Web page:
HAMNET Report 22 July 2018

The website phys-org tells us that, for scientists watching the Red Planet Mars from data gathered by NASA’s orbiters, the past month has been a windfall. “Global” dust storms, where a runaway series of storms creates a dust cloud so large it envelops the planet, only appear every six to eight years (that’s three to four Mars years). Scientists still don’t understand why or how exactly these storms form and evolve.

In June, one of these dust events rapidly engulfed the planet. Scientists first observed a smaller-scale dust storm on May 30. By June 20, it had gone global.

For the Opportunity rover, that meant a sudden drop in visibility from a clear, sunny day to that of an overcast one. Because Opportunity runs on solar energy, scientists had to suspend science activities to preserve the rover’s batteries. As of July 18th, no response has been received from the rover.

Luckily, all that dust acts as an atmospheric insulator, keeping night-time temperatures from dropping down to lower than what Opportunity can handle. But the nearly 15-year-old rover isn’t out of the woods yet: it could take weeks, or even months, for the dust to start settling. Based on the longevity of a 2001 global storm, NASA scientists estimate it may be early September before the haze has cleared enough for Opportunity to power up and call home.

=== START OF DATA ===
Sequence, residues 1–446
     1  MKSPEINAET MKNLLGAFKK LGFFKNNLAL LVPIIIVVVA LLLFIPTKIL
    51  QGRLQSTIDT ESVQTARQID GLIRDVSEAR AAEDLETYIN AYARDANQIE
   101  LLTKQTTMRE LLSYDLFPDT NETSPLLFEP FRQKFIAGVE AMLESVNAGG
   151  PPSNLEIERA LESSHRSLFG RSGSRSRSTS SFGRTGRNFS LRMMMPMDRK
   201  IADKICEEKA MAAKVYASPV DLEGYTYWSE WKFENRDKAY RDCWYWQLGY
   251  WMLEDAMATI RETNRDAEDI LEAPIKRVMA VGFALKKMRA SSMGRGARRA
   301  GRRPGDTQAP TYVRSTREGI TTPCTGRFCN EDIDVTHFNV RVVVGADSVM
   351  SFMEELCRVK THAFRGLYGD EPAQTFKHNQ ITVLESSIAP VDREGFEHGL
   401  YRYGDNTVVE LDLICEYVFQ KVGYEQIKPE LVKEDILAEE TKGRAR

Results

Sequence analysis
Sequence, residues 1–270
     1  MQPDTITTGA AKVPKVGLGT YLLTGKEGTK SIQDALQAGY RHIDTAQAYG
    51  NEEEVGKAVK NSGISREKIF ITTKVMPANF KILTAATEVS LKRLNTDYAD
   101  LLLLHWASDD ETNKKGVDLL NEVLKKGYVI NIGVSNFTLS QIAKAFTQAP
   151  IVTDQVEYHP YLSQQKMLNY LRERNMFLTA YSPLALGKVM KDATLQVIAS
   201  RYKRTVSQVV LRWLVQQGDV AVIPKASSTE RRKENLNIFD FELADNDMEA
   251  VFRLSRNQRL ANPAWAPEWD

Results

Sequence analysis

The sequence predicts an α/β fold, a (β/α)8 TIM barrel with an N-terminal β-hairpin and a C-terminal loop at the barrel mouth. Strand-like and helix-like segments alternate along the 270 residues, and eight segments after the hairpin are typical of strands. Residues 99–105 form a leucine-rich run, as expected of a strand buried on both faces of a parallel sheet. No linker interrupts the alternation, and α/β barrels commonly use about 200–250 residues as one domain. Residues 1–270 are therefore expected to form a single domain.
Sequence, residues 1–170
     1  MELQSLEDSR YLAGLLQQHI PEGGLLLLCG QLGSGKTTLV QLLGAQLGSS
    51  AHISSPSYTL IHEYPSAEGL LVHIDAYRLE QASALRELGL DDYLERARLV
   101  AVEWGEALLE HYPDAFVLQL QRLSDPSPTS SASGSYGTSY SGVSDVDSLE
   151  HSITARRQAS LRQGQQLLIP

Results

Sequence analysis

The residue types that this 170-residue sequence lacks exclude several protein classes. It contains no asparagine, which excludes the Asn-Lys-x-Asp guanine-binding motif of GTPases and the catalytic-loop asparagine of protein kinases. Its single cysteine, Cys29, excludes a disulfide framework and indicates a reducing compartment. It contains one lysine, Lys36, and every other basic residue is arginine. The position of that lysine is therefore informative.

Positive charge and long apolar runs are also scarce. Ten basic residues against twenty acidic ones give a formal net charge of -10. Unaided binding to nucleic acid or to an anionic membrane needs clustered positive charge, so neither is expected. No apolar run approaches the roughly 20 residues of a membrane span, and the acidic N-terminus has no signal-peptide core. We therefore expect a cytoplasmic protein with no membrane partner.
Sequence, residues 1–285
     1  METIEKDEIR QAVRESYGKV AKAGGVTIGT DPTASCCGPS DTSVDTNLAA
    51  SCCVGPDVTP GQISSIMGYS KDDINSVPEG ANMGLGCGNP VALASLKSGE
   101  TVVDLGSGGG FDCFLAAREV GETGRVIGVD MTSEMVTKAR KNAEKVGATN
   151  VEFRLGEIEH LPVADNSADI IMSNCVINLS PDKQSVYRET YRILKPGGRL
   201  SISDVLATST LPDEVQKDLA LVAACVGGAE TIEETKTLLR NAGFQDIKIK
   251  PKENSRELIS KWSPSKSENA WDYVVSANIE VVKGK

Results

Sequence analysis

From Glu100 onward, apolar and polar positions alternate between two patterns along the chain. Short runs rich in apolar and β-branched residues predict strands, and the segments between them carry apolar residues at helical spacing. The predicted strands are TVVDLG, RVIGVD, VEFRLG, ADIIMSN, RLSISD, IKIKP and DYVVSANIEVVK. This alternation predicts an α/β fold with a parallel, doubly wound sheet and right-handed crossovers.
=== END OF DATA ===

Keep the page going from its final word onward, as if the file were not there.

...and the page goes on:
When the skies begin to clear, Opportunity’s solar panels may be covered by a fine film of dust. That could delay a recovery of the rover as it gathers energy to recharge its batteries. A gust of wind would help, but isn’t a requirement for a full recovery..

While the Opportunity team waits in earnest to hear from the rover, scientists on other Mars missions have gotten a rare chance to study this head-scratching phenomenon.

The Mars Reconnaissance Orbiter, Mars Odyssey, and Mars Atmosphere and Volatile EvolutioN (MAVEN) orbiters are all tailoring their observations of the Red Planet to study this global storm and learn more about Mars’ weather patterns. Meanwhile, the Curiosity rover is studying the dust storm from the Martian surface.

In other news, the race to produce safe, powerful and affordable solid-state lithium batteries is accelerating and recent announcements about game-changing research using a solid non-flammable ceramic electrolyte known as garnet has some in the race calling it revolutionary.

“This is a paradigm shift in energy storage,” said Kelsey Hatzell, assistant professor of mechanical engineering. A paper describing her novel research on the failure points of a garnet electrolyte was published online in March in the American Chemical Society’s Energy Letters, which was among the most read ACS Letters articles that month.

Lithium-ion batteries typically contain a liquid organic electrolyte that can catch fire. The fire risk is eliminated by the use of a non-flammable garnet-based electrolyte. Replacing liquid electrolytes with a solid organic like garnet also potentially lowers the cost by increasing battery life.